Doctors, criminologists and even manicurists have been busy putting smaller, less cuddly members of the animal kingdom to work. From monitoring the water supply to treating callused feet, here are some examples.
1. Bluegill Fish Enlisted in War on Terror
During a meeting in 1960, Chicago Mayor Richard J. Daley presented Japanese Emperor Akihito with bluegill fish. It was a gift the Japanese people wish they never received. Since its induction to Japanese fisheries, the bluegill bred rapidly and killed native species. What's worse, the Japanese generally find its taste repugnant. [Image courtesy of Earthling.]
While it's marginally more popular in the United States, it's still not the freshwater fish of choice of foodies. But it is the fish of choice for the U.S. Army. Researchers created IAC 1090 Intelligent Aquatic Biomonitoring System, which uses eight juvenile bluegills to detect change in the water. Each fish resides in its own stall about the width of a mail slot. Sensors monitor the fishes' breathing and send the data to computer program, which analyzes the results. If six of the eight show abnormalities, the computer pages a technician. Officials swap out bluegills—perfectly matched for the task because they are sedentary and sensitive to contaminants—so the fish aren't affected by their duties for long periods of time. Currently New York, Washington, D.C., and San Francisco use the fish to protect the water sources—the fish in New York alerted officials to a diesel leak before it became calamitous. [Note: Some might claim that fish aren't pests, but my definition of pests is rather inclusive.]
2. Release the Wasp Hounds!
Training dogs to sniff out drugs, bombs, or chemicals takes months and costs thousands of dollars. But University of Georgia researcher Glen Rains and the U.S. Department of Agriculture's Joe Lewis discovered that wasps could easily replace dogs to detect bombs, chemicals, and drugs. The researchers created a handheld device called the "Wasp Hound," which is a 15-inch cylinder with a vent at one end and a camera connected to a computer. When the wasps—a parasitic variety called Microplitis croceipes—smell their target they congregate at the vent, alerting the humans. Rains and Lewis claim the wasps can also sniff out food toxins, crop fungus, bodies, drugs, and even 2,4-DNT, a volatile component in dynamite that dogs struggle to smell.
The wasps only cost $100 per unit and take about a half hour to train. Using basic Pavlovian methods, researchers associate the target smell, such as a crop fungus, with food so the wasps want to locate the fungus. However, they only work for 48 hours before researchers release them.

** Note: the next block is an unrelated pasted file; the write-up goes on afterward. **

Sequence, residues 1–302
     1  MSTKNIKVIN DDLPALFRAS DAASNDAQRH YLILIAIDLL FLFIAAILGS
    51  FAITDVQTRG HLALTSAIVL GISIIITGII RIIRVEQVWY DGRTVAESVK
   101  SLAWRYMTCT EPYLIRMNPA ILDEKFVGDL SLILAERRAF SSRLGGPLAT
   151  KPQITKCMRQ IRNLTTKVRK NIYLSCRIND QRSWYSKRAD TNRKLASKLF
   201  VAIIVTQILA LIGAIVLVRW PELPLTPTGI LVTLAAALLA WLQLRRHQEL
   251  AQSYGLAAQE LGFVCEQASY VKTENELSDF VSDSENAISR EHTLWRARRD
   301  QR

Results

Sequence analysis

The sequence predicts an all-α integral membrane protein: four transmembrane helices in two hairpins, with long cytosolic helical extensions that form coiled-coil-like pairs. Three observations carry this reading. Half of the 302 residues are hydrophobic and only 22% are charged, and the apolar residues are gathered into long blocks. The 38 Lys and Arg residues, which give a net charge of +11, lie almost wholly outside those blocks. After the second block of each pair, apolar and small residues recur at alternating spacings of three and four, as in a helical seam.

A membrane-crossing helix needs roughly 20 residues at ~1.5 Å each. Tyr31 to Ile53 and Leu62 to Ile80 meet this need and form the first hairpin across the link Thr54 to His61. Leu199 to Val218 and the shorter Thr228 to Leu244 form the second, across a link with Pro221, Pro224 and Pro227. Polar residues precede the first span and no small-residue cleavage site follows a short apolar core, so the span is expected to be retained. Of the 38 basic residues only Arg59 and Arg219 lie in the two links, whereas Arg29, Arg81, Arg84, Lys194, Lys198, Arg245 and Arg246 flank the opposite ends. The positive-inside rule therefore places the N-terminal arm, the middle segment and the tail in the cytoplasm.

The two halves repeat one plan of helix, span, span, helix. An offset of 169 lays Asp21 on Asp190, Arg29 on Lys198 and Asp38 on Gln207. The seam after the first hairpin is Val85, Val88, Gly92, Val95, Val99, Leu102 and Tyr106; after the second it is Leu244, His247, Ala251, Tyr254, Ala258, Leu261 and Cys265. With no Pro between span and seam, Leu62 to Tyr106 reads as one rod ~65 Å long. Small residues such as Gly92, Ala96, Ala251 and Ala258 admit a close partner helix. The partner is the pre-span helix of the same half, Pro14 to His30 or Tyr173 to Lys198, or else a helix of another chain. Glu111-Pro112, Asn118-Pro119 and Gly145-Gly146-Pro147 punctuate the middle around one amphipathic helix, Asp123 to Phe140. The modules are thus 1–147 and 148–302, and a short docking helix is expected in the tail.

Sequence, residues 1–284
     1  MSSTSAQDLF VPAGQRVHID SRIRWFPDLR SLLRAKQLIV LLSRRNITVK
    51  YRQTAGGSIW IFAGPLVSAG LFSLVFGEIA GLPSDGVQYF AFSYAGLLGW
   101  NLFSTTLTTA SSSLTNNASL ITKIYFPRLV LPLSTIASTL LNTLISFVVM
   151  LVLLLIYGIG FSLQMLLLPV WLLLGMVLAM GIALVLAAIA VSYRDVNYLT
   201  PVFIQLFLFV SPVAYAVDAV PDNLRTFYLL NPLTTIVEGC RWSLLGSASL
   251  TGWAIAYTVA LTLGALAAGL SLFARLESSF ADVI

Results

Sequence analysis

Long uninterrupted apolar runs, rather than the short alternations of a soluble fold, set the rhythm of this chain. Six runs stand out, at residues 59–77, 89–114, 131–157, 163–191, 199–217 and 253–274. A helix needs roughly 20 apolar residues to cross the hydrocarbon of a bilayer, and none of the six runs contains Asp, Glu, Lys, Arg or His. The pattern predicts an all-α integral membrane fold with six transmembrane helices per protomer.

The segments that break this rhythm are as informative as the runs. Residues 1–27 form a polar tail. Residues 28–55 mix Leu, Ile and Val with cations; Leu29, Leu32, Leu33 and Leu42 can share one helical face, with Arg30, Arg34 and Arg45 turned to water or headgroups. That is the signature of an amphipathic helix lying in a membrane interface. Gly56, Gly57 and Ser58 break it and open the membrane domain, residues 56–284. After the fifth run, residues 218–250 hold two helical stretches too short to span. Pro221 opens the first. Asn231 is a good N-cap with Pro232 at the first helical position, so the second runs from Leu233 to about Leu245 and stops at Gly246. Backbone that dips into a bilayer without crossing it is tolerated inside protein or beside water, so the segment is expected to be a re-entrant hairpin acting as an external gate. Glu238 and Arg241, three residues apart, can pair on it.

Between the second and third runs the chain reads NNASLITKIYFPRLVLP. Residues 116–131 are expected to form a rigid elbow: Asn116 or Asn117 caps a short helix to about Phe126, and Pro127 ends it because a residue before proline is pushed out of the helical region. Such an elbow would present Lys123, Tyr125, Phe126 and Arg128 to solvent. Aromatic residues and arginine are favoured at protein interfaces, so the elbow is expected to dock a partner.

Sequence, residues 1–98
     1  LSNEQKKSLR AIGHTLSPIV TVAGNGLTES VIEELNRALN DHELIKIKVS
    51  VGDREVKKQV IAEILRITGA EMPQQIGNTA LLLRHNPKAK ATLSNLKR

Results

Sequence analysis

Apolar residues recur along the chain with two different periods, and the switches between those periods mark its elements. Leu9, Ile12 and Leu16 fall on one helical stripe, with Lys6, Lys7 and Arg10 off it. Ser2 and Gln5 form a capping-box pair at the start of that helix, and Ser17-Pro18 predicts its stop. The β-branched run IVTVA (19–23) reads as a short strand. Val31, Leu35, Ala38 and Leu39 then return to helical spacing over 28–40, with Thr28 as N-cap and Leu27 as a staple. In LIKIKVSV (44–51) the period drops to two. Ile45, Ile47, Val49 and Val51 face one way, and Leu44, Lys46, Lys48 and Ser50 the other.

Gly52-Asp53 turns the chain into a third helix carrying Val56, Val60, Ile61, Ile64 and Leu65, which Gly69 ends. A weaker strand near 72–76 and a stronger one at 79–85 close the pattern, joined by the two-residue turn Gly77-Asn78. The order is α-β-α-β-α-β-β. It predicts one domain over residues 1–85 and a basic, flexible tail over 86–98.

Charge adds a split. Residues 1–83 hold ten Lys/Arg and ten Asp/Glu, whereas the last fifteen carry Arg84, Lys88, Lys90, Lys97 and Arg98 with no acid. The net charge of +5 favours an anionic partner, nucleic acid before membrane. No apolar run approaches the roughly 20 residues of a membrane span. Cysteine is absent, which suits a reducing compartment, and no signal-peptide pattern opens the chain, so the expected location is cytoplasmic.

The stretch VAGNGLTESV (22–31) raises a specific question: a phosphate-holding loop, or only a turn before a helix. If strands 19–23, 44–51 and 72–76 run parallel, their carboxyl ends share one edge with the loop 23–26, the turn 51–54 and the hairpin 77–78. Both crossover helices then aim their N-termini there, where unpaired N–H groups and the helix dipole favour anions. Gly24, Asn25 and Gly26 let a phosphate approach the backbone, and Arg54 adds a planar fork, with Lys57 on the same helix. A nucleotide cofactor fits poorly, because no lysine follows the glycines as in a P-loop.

3. They're Gonna Suck that Pain Right out of Your Knee
Hippocrates believed that bloodletting controlled the blood humour, reducing illness and preventing death. Until the 19th century, physicians used leeches to bleed patients and cure diseases such as acne, cholera, the plague, the flu, smallpox, gangrene and hemorrhaging (I know, it sounds counterintuitive to cure excessive bleeding by bleeding someone.) In modern medicine, bloodletting with leeches has little use other than reducing blood pressure and healing bed sores—though most doctors feel modern prescriptions are just as effective (and less icky). [Image courtesy of Antiquescientifica.com.]
However, researchers from Germany's Essen-Mitte Clinic discovered leeches sooth achy joints. Slap four leeches on your knee and after 80 minutes, the pain and stiffness of osteoarthritis melts away. Of the 16 patients in the trial, the 10 who received leech therapy felt instant relief after application, and the comfort lasted for four weeks. The control patients continued experiencing pain. Researchers claim the leeches' saliva works as an anti-inflammatory.
4. Crime-fighting Bees
When Nigel Raine decided to study how serial killers track their victims, he placed tiny RFID chips on honeybees. Raine hypothesized that serial killers forage for victims much like predatory animals, such as sharks, or pollinators, such as bees. The RFID chips showed that bees pollinate plants near their hive, but not too close. It appeared the insects created a buffer zone between the hive and their feeding grounds—this protected the hive from predators and parasites. In the same way, serial killers feel comfortable preying in their neighborhoods, but not too close to their homes.
So how will the police use this to find their serial killers? By creating a model of hunting, which criminologists can use to understand how serial killers work and geographically profile them. The model might help police track serial killers from crime scenes back to their homes.
5. Feed Your Feet to Fish
Removing tough foot calluses has never been easy. Manicurists use files and razors to shave off dead skin. John Ho—owner of Yvonne Hair, Nail and Tan Salon—spent $40,000 to stock his Northern Virginian spa with 1,000 doctor fish or Garra rufa, which are tiny and toothless. For 15 to 30 minutes, patrons soak their feet in warm water while about 100 doctor fish nibble at their dry skin. Some compare the tingling sensation to the feeling of a foot falling asleep. After the fish feast on calluses, a manicurist massages and rubs lotions into the feet just like a regular pedicure. [Image courtesy of Doctor Fish Massage, Inc.]
Detractors think that most people will shy away from a fish pedicure because letting fish eat your feet is widely considered gross. But Ho has sold about 5,000 doctor fish pedicures, and spas in Turkey and throughout Asia offer the unique treatment to an increasing number of consumers. Ho hopes to offer full body doctor fish treatments to help people suffering from skin ailments and plans on selling franchising rights to his doctor fish pedicures.